18 April 2007

Morri Creech

[from Morri Creech's Field Knowledge, 2006; reprinted by kind permission of The Waywiser Press, London & Baltimore]

The Crux of Martyrdom

Simone Weil at the sanatorium in Ashford, Kent, England, 1943

It's not that she has given up desire
exactly; more like, it seems, the will to choose —
to swallow bread, potatoes, the ripe pear
a nurse has brought her, which she must refuse
for Christ's sake. Or for her people starving in France.
At first she stayed up late, with prayer and cigarettes,
wrote long lies full of tenderness to her parents

     I have never read the story of the barren fig tree
     without trembling. I think it is about me

telling of friends in London, the spring's rich blossoms;
yet no word about her health, her body's slow
failure. Day after day the doctors come
complaining of her stubbornness. They know
her. And she, their hopes. Still, she must not choose
to eat, must refuse everything save the logic
of refusal, which she cannot help but choose.

     the most beautiful life possible has always seemed
     to me one in which everything is determined

So her reason revolves along its course
toward that sure consummation for which she waits.
She waits and waits. Too tired now to rehearse
the poem where Love bade His guest to sit and eat,
she dreams of that attic room He led her to,
where bread was sweet, the wine like sun and soil,
and she could see, beyond the attic window,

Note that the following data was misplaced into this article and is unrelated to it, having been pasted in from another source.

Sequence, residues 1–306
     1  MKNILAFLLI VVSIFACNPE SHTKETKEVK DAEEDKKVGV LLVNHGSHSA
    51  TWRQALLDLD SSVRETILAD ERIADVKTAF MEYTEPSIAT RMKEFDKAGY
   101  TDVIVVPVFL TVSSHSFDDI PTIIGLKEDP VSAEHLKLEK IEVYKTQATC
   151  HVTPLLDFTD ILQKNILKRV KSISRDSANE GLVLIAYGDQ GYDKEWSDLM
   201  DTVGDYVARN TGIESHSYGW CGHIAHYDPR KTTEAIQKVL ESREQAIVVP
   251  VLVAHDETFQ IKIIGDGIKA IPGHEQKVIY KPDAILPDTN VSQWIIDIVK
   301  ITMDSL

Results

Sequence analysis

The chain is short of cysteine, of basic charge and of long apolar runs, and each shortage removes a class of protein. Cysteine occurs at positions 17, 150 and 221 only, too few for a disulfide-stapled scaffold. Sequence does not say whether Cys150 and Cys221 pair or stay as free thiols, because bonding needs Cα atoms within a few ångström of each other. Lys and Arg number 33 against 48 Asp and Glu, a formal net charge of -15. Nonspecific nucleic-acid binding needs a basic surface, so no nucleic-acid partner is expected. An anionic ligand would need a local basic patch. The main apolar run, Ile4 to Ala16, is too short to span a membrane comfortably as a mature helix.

He entered my room and spoke: I understood
     that He had been mistaken in coming for me

a city's wooden scaffoldings, those boats
unladen by a river, and the sun
raging above the trees . . .
                                     The doctor's coats
Whisper by outside her door. She's alone.
No voice comes down to her; no hallowed word.
Even the headaches have stopped, which once held
her writhing in their vise. And yet she's stirred.

     when my headaches were raging, I sometimes
     had an intense desire to strike someone

Though it's late, and she's much too tired to write,
she can't quite still the current of ideas
or master her relentless appetite
for thought — philosophy, the worst disease
of a religious mind, perhaps her one
error. For hours she wrestles those abstruse
geometries, turning her whole attention

     I will consider men's actions and appetites
     as though they were lines, surfaces, and volumes

to the crux of martyrdom. French soldiers
and citizens in thousands have since gone,
quietly or not, to their deaths; how can her
own starvation measure against the ones
who could not choose to choose? Even her days
of factory work — yes, she's felt the strain
of labor, sweating near the furnaces

     perhaps He must use even worthless objects
     for His purposes: I must tell myself these things

that scorched her hands and fingers long before
Christ, like a migraine, seized her steady mind;
yet always she could have left. And now the war
has jilted her, denying her the blind
hand of necessity. She's made her choice.
The nurse bends down to take her pulse, offering
a sip of tea; but still she must refuse.

     if I only had to stretch out my hand to grasp
     salvation, I would not put my hand out

And though she's grown too weak to hold a cup
or spoon, she closes her eyes and sees that room,
that attic room, where she was told to sup,
and the long table shimmers, awaiting Him
who will offer her bread, although she must refuse
until He seat her there among the least
and feed them, too, who have no power to choose —

     Love bade me welcome: yet my soul drew back

till the Lord whose bread is hunger sets the feast.

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